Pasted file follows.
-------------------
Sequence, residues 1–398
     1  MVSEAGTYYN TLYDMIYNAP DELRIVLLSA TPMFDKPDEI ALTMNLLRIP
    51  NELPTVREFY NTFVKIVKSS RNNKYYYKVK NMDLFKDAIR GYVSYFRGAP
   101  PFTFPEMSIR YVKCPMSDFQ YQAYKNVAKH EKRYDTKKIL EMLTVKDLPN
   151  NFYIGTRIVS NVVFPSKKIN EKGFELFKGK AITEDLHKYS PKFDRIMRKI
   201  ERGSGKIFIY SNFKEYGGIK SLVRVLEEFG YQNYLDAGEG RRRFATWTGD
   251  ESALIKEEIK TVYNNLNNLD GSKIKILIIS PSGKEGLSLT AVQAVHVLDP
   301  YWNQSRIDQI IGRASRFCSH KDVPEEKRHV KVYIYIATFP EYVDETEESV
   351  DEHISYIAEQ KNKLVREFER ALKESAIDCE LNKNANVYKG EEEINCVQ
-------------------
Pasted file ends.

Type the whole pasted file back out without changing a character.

Sequence, residues 1–398
     1  MVSEAGTYYN TLYDMIYNAP DELRIVLLSA TPMFDKPDEI ALTMNLLRIP
    51  NELPTVREFY NTFVKIVKSS RNNKYYYKVK NMDLFKDAIR GYVSYFRGAP
   101  PFTFPEMSIR YVKCPMSDFQ YQAYKNVAKH EKRYDTKKIL EMLTVKDLPN
   151  NFYIGTRIVS NVVFPSKKIN EKGFELFKGK AITEDLHKYS PKFDRIMRKI
   201  ERGSGKIFIY SNFKEYGGIK SLVRVLEEFG YQNYLDAGEG RRRFATWTGD
   251  ESALIKEEIK TVYNNLNNLD GSKIKILIIS PSGKEGLSLT AVQAVHVLDP
   301  YWNQSRIDQI IGRASRFCSH KDVPEEKRHV KVYIYIATFP EYVDETEESV
   351  DEHISYIAEQ KNKLVREFER ALKESAIDCE LNKNANVYKG EEEINCVQ